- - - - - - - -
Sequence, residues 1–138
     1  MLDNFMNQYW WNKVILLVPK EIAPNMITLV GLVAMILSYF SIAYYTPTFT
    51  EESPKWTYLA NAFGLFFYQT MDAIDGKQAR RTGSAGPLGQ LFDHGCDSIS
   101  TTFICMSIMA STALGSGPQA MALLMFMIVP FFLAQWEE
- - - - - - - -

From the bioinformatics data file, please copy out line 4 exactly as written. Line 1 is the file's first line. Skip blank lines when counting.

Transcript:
   101  TTFICMSIMA STALGSGPQA MALLMFMIVP FFLAQWEE